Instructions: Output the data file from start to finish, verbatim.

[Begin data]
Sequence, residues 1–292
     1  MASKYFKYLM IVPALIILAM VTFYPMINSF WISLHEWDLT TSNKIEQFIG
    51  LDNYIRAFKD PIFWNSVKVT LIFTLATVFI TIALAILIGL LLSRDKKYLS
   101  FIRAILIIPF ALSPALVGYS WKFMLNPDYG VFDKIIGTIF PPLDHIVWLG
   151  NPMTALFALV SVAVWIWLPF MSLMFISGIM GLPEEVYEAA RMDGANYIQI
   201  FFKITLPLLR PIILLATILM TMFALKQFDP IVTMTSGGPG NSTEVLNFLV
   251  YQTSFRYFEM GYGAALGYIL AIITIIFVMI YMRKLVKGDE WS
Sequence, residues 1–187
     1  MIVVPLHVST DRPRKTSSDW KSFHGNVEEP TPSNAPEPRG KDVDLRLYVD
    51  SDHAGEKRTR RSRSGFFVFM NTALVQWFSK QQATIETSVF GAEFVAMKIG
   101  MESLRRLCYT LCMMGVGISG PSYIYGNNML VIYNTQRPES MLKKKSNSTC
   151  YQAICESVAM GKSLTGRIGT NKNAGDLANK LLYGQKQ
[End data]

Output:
Sequence, residues 1–292
     1  MASKYFKYLM IVPALIILAM VTFYPMINSF WISLHEWDLT TSNKIEQFIG
    51  LDNYIRAFKD PIFWNSVKVT LIFTLATVFI TIALAILIGL LLSRDKKYLS
   101  FIRAILIIPF ALSPALVGYS WKFMLNPDYG VFDKIIGTIF PPLDHIVWLG
   151  NPMTALFALV SVAVWIWLPF MSLMFISGIM GLPEEVYEAA RMDGANYIQI
   201  FFKITLPLLR PIILLATILM TMFALKQFDP IVTMTSGGPG NSTEVLNFLV
   251  YQTSFRYFEM GYGAALGYIL AIITIIFVMI YMRKLVKGDE WS
Sequence, residues 1–187
     1  MIVVPLHVST DRPRKTSSDW KSFHGNVEEP TPSNAPEPRG KDVDLRLYVD
    51  SDHAGEKRTR RSRSGFFVFM NTALVQWFSK QQATIETSVF GAEFVAMKIG
   101  MESLRRLCYT LCMMGVGISG PSYIYGNNML VIYNTQRPES MLKKKSNSTC
   151  YQAICESVAM GKSLTGRIGT NKNAGDLANK LLYGQKQ